Ageism—stereotypes, prejudice, or discrimination against people who are seen as old—affects us all. However, women are affected in unique ways, and often more harshly, by ageism. In a society that idealizes youth, judges women based on “attractiveness,” and marginalizes and excludes older people, we need to confront stereotypic, devalued definitions of older adults, no matter what path we take to growing older.

In the United States, we’re...

Ageism—stereotypes, prejudice, or discrimination against people who are seen as old—affects us all. However, women are affected in unique ways, and often more harshly, by ageism. In a society that idealizes youth, judges women based on “attractiveness,” and marginalizes and excludes older people, we need to confront stereotypic, devalued definitions of older adults, no matter what path we take to growing older.

In the United States, we’re living through a major demographic shift, in which 10,000 baby boomers turn 65 each day. By 2030, one-quarter of the U.S. population will be over 65, with similar shifts happening all over the world. In the United States, women outnumber men in every age group, with the gender gap growing as we age. Advances in health care have made it possible for us to live longer and healthier. But our society is not prepared for this aging of the population and the opportunities and challenges it will bring.

Popular media is filled with advice on how we can live longer and healthier so we can “age successfully.” Some of this advice is based on scientific knowledge, and soundly combats the stereotype that aging must equal decline. The problem with this advice is that, at its core, it focuses on our individual responsibility to maintain our health and independence. It doesn’t recognize the inequities within our society that make “successful” aging impossible for so many of us. Furthermore, and perhaps hardest to accept, this advice does not address the fragility, vulnerability, and dependency that we are likely to face as we age. While biological aging is all too real, we should not be considered less worthy because we have wrinkles, sagging body parts, or physical or cognitive infirmities. In fact, our resilience and wisdom should be valued by society.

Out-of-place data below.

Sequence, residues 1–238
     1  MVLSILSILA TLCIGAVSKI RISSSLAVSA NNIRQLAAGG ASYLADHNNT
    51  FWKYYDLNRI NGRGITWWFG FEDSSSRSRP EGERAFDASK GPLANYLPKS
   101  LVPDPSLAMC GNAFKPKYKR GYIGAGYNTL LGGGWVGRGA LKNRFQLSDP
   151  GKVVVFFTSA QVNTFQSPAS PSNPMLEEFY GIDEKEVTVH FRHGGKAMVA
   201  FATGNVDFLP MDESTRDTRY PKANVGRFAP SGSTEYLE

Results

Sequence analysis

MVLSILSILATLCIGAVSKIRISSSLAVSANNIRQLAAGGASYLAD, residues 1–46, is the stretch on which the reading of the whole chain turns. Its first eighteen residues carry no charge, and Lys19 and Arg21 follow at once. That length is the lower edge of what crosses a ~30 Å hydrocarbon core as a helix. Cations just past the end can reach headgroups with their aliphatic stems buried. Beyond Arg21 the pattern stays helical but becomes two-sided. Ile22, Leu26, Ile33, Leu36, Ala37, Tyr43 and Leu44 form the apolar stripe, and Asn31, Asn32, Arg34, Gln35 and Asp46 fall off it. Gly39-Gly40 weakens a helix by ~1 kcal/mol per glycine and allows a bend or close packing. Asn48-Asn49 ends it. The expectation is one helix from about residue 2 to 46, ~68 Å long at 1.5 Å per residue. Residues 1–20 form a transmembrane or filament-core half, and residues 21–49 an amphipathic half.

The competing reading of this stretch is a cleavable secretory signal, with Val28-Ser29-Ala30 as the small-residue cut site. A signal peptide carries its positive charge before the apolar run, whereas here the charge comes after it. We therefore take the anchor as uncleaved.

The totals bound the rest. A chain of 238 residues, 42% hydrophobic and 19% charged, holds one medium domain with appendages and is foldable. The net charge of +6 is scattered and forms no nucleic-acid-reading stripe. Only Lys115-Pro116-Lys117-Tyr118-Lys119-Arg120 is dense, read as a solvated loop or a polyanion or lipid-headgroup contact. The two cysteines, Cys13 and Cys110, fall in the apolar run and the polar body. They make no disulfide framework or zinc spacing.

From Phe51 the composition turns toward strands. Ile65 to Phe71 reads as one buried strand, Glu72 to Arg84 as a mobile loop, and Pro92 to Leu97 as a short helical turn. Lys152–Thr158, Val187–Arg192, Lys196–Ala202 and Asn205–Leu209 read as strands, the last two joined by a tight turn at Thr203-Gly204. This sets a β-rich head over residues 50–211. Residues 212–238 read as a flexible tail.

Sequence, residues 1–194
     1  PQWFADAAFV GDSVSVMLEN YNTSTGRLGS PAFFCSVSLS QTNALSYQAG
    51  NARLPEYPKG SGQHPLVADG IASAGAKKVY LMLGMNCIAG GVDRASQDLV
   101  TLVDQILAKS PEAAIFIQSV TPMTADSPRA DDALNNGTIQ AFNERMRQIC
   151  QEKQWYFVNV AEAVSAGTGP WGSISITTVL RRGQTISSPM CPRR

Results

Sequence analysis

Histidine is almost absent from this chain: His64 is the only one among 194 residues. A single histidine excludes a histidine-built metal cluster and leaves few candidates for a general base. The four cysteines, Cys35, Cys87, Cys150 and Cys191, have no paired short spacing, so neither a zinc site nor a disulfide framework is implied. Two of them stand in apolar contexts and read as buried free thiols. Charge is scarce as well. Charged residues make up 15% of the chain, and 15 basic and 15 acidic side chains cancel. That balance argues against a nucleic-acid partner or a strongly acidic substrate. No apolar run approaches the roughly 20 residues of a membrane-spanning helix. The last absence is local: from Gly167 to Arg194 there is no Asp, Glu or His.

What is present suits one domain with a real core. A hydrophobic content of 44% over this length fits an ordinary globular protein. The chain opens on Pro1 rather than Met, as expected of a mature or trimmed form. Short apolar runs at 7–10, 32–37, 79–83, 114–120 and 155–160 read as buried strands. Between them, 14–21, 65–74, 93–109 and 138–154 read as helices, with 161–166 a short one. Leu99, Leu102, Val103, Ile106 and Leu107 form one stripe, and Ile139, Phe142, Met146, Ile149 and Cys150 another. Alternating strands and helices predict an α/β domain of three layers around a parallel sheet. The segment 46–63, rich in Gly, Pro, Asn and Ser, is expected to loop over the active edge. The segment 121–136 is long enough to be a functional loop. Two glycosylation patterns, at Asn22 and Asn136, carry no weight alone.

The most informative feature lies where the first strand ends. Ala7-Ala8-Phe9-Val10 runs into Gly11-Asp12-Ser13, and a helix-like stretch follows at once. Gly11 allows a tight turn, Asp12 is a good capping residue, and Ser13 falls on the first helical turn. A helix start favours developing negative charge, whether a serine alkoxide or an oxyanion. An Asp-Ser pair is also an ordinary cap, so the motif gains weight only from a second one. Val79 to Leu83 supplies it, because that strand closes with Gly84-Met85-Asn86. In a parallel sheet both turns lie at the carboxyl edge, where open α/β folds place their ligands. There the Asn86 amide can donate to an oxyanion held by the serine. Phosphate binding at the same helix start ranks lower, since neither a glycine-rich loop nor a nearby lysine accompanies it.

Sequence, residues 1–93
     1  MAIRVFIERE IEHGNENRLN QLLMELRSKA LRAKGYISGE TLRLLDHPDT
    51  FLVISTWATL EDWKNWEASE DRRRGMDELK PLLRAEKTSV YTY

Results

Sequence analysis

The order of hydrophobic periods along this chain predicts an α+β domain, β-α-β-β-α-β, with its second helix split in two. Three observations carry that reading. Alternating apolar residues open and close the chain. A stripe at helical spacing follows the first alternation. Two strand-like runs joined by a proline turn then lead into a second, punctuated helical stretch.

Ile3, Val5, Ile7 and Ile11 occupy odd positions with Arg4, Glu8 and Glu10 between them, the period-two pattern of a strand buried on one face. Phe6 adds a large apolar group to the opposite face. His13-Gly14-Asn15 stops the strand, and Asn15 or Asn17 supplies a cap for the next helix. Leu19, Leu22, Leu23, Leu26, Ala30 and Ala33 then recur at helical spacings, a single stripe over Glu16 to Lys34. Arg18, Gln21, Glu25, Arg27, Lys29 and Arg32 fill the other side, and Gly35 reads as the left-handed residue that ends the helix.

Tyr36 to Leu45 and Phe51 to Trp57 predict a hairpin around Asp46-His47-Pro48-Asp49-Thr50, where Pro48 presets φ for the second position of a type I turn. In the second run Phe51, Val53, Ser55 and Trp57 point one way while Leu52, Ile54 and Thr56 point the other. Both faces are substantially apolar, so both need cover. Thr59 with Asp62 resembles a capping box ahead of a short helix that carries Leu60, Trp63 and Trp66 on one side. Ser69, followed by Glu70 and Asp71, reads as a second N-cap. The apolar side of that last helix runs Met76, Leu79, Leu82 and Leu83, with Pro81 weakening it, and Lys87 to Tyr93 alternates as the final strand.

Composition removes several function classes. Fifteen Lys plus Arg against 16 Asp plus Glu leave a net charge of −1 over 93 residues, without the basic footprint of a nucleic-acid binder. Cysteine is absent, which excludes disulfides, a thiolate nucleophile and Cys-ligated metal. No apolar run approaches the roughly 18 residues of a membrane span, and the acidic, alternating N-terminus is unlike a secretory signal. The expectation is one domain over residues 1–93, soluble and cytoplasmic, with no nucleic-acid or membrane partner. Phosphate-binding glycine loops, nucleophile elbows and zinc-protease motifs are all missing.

The notion of “successful aging” also assumes equal opportunities throughout one’s life. But we live in a society that denies full access to opportunity and prosperity to all people. Rather, these factors are influenced tremendously by our racial, ethnic and class backgrounds, our gender and gender identity, our immigration status, and the extent to which we’re living with disabilities. Beyond our personal experiences, how we age is deeply affected by broader systems that affect our health and well-being – like health care, education, work, housing, communities, and more. We need to reduce the barriers that women and gender-expansive people face throughout our lives, so we can approach and live in old age—difficult even under the best of circumstances—with less stigma and hardship.

This section explores the many facets of growing older, and offers a range of powerful materials about ageism, bodies, care, sexuality, inequities in the workplace, aging for BIPOC elders, aging for LGBTQ elders, and more.

Ageism

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Ageism is discrimination against people who are seen as “old.” This includes but goes beyond individual interactions.

BIPOC Aging

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Celebrating identity and re-examining what aging means for Black, Indigenous, and other people of color, as well as improving services.

Bodies

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As we age, our bodies absorb the wear and tear of a lived life, with all its joys and challenges.

Care

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Caregiving is essential work, whether it takes place within the family, in the community, or in the paid workforce.

Inequities

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Our society is built on inequities, or unfair differences in how people are treated, based on race, gender, and age.

LGBTQ Aging

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The unique and beautiful lived experiences of older LGBTQIA+ individuals are highlighted, including sexuality, LGBTQIA+ advocacy, inequalities, and resources.

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